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Chasing the Ideal: Hardware by P. E. Guerin
I recently had an opportunity to take a tour of P. E. Guerin's workroom in the West Village. It is remarkable to find a place that still casts brass and makes custom decorative hardware, let alone in the midst of Manhattan. The city today has become wall to wall apartments and office towers with little industry in between, but P. E. Guerin perseveres in the same spot on Jane Street that it moved into in the late 19th century and still thrives today.
I share some of my photos here. They reveal a great deal about what is unique about them.
The key to their success is that they are more than just a metal foundry surviving in an urban setting. They have a specially trained group of people working for them that possess the skills and eyes of sculptors. In the end, it is the hand of the finisher or "chasers" who gives their products their beauty. Chasers are the workers who use small chisels to work on each piece after they leave the mold to bring up detail and sharpen the lines and recesses of the surfaces. There is a sense from looking at their door knobs and specialty hardware that these are hand made objects made by accomplished artisans.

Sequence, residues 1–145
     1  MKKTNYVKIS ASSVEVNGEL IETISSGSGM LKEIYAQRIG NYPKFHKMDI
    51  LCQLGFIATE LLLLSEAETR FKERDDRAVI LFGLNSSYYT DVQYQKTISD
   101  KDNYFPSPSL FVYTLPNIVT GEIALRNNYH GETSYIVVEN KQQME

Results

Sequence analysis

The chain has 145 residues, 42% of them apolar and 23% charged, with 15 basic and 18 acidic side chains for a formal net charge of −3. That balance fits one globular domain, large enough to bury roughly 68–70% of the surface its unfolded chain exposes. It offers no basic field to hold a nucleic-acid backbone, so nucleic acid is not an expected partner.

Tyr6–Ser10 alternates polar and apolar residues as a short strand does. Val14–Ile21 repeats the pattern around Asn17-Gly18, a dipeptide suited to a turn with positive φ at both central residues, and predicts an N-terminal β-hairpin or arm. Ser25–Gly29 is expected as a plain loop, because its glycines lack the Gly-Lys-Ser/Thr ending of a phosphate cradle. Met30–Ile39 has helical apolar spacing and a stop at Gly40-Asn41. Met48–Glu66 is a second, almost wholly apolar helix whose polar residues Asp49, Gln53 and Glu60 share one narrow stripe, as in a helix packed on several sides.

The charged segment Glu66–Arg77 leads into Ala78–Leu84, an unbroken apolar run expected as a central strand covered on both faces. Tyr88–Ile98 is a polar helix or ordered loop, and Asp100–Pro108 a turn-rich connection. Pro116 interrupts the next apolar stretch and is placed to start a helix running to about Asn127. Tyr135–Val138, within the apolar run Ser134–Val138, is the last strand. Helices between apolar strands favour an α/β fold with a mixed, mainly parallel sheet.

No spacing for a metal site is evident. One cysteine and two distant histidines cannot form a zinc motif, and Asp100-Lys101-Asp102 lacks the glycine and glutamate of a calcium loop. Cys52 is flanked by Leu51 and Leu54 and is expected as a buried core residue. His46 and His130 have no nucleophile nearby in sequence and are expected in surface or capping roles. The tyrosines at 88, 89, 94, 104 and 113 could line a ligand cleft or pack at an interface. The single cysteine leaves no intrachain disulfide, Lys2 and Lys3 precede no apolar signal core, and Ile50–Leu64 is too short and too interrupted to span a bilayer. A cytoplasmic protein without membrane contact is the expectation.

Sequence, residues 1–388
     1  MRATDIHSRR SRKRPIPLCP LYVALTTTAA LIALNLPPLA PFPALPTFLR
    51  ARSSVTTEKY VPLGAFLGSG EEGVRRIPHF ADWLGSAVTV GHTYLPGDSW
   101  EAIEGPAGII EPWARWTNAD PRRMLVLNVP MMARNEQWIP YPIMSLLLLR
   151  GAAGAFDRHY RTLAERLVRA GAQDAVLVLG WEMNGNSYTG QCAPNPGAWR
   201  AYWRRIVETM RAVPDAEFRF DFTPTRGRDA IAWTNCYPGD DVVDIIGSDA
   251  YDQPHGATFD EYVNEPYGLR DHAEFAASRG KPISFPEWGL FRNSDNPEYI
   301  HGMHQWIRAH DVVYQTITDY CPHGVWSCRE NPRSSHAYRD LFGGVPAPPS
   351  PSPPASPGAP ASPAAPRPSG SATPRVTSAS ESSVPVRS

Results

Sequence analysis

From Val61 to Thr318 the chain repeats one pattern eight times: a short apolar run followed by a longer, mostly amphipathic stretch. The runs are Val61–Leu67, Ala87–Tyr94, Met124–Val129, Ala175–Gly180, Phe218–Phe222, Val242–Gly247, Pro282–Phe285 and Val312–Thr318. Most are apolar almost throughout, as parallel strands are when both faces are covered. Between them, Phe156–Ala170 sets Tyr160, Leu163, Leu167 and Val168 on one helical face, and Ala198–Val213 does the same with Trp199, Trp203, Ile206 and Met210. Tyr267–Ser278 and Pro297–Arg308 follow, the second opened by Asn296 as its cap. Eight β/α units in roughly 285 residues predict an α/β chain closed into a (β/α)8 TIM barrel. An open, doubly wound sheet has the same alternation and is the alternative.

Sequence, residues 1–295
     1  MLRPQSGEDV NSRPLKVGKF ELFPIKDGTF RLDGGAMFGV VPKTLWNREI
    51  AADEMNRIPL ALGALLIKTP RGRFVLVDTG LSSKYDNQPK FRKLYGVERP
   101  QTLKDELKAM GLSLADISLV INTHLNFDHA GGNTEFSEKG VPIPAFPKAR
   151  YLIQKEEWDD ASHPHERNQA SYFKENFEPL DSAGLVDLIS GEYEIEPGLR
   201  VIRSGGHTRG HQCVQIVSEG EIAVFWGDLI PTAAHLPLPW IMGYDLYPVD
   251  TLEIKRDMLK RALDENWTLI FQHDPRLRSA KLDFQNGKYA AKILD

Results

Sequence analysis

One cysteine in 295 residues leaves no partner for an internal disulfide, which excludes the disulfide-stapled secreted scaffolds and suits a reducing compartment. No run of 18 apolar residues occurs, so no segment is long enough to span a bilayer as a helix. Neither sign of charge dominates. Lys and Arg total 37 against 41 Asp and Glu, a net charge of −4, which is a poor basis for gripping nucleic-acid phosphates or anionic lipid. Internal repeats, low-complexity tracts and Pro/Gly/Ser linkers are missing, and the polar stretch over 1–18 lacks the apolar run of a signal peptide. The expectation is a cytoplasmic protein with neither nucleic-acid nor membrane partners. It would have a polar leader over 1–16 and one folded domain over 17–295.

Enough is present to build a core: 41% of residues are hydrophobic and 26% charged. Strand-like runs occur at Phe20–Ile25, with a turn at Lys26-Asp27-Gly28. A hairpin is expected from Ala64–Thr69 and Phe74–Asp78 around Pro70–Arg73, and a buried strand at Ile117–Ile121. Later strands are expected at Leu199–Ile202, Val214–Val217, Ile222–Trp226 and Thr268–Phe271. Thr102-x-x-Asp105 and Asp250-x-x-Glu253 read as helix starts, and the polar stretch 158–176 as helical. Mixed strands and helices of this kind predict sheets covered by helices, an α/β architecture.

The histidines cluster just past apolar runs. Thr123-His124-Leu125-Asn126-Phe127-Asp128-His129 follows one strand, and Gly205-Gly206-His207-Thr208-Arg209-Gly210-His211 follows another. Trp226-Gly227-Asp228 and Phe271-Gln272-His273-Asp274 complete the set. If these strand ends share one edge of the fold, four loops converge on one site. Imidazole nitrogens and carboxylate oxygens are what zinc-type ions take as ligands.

I have closely studied 18th-century gilt-bronze mounts against those made in the 19th century and noticed how those made in the later 19th century often look mechanical and less refined. Most likely this is because the concept of industrialization and standardization was taking hold and the factory approach was superseding the skilled craftsman. Yet Guerin, which began in 1857 in the midst of the Industrial Revolution in America, chose the more artistic course of producing individual handmade objects. This makes them even more rare and exceptional in this day.
Images from top: a chaser working on a cast elephant; workers pouring molten brass into molds; three cast knobs at different stages of chasing and finishing; a chaser at work on a plate; a storage room containing original prototypes and models; hardware removed from molds. All images by Thomas Jayne.